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China's Great Global Step Up

The Shanghai stock market. Photo courtesy AFP.
by Shihoko Goto
UPI Senior Business Correspondent
Washington (UPI) March 02, 2007
If the ability to move global markets is a gauge to measure a country's global influence, then China has certainly earned its star this week. The question remains, however, whether or not the country is blossoming into a mature financial market that can attract those seeking steady investment returns, or whether it remains a place only for the strong of heart who can afford to take hefty financial losses at times.

For its part, the Chinese government could well argue that the impact its stock market had on bourses worldwide heralds a new dawn for its global standing. After all, the country is arguably the seventh-largest economy in the world, it has nuclear capabilities and is a key player in ensuring North Korea from aggravating the situation in an already tension-filled region, and is the world's second-biggest energy consumer next to the United States. So to declare that the Shanghai stock market should be on par with that of London, New York, and Tokyo would not be a strange one, at least at first blush.

Still, some analysts strongly disagree that China's financial market is a sound destination for investors, and argue that it would be a long time away indeed before the country's bourses could be on par with that of the current global hubs, if ever.

"Most people just don't understand how murky the Chinese market is," said Usha Haley, director of the global business center at the University of New Haven, Connecticut. She pointed out that corporate governance in the country remains opaque amid a complex web of various companies and industries having shares and sway in one another.

Granted, China is far from the only country that has such problems. Lack of transparency is often one of the biggest problems when it comes to putting money into any emerging market, even though that has not stopped an ever-increasing number of investors worldwide into betting on up-and-coming nations.

That, however, is a dangerous practice that can ultimately backfire, especially for those betting on a continuous upward trend.

Share values in some emerging markets have "gone up 30, 40 percent a year. That can't be a result of company performance," Haley said, adding that investors' expectations are "way out of line with reality" if they expect that level of performance to be sustainable.

She did, however, argue that investing in India was a safer bet than in China, given, for one, that there were fewer Indian companies that were listed on the Mumbai bourses, and also given the fact that Indian business practices were more transparent than their Chinese counterpart.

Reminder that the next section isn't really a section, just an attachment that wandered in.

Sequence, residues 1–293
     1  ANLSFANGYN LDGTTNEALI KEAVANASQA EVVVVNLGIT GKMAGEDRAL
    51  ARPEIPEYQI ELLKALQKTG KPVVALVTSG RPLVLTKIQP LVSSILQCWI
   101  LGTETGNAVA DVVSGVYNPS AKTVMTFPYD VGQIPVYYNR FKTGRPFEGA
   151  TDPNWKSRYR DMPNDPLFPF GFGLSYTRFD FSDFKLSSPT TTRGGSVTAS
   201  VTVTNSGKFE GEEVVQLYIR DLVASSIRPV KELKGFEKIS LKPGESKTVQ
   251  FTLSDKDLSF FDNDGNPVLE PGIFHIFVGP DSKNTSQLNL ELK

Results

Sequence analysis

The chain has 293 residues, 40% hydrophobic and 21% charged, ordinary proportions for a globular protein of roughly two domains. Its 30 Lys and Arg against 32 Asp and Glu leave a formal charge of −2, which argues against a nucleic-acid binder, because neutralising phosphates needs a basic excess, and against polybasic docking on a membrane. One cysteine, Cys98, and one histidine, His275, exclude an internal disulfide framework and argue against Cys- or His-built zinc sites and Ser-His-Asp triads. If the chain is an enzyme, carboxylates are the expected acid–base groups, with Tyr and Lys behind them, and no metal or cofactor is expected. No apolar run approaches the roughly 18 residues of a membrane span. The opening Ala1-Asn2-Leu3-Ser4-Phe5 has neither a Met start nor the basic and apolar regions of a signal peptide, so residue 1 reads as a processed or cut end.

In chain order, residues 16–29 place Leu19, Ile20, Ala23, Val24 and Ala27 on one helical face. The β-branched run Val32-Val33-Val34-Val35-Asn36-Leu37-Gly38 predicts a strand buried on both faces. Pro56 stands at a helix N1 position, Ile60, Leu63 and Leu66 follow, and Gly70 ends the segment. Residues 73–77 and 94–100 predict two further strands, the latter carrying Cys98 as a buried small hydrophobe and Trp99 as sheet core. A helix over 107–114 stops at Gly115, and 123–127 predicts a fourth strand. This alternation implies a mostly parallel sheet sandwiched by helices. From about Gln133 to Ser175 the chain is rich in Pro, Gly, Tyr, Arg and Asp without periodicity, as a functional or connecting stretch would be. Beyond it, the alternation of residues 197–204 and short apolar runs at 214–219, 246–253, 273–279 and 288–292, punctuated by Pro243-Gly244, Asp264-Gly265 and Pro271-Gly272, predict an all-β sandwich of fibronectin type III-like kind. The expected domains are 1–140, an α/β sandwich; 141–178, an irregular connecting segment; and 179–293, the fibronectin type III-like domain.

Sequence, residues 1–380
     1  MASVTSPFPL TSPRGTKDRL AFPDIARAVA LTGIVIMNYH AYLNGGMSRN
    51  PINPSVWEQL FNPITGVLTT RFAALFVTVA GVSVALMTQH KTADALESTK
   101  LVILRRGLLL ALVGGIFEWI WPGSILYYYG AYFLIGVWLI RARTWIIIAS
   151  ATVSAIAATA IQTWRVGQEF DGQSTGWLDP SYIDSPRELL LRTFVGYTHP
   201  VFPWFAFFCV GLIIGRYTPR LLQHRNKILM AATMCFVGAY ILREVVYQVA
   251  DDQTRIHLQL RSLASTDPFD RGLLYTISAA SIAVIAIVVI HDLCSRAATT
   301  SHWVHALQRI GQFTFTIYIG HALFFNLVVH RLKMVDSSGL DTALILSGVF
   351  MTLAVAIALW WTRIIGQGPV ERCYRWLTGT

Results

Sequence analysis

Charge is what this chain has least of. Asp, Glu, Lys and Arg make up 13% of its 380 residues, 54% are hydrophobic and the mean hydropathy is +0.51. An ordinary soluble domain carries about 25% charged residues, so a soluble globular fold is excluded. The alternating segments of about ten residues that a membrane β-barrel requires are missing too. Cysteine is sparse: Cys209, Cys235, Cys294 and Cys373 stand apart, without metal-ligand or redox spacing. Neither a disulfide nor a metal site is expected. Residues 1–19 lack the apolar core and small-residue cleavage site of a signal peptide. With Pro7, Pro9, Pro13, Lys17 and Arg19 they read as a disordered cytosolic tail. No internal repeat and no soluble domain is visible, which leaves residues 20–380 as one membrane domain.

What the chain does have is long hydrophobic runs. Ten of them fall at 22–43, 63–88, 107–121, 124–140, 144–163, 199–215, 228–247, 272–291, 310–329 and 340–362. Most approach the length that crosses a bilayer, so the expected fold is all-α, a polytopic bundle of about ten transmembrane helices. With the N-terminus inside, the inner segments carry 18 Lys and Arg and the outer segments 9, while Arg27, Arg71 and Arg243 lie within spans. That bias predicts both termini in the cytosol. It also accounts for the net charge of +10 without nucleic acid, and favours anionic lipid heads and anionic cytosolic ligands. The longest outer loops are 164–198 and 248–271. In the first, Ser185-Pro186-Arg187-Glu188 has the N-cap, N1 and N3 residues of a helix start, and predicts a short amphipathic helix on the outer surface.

The debate on whether China or India is a safer bet aside, one thing is clear: U.S., European, and Japanese market players will need to be on top of the goings-on in emerging markets just as much as they are about their own markets in order to stay ahead of the game.

So while analysts point out with hindsight that a 9 percent fall in Shanghai's market Tuesday was a correction that was bound to happen sooner or later, investors should now be better prepared that what happens in China, where so many more brokerage houses are increasing their portfolio holdings, will have a significant impact back home. What's more, Wall Street investors broadly agree that the week's volatility across the global market was at the end a result of worries about the U.S. economy's longer-term outlook rather than concerns about China.

Nevertheless, "the increasing correlation or contagiousness of financial a major aspect of financial globalization, and one that more often than not has remained beneath the popular radar" as country-specific shocks more easily spread beyond national boundaries, said Lee Hudson Teslik of the Council on Foreign Relations.

Yet the problem is that despite the surge in capital flows across borders even into countries that may seem higher risk, basic understanding of those countries remains precariously low as greed to have a slice of the profit appears to overcome fears of the unknown.

Source: United Press International

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Rice Cuts No Ice In Moscow
Moscow (UPI) March 02, 2007
U.S. Secretary of State Condoleezza Rice has expressed surprise at Moscow's sharp criticism of American plans to deploy anti-ballistic-missile interceptors in Poland and early-warning radars in the Czech Republic. "The idea that we somehow surprised them [Russians] about missile defense and then to go and say these things about Poland and the Czech Republic, independent countries, NATO members, was, I think, unnecessary and unwarranted," Rice said in a Feb. 25 interview on Fox News.

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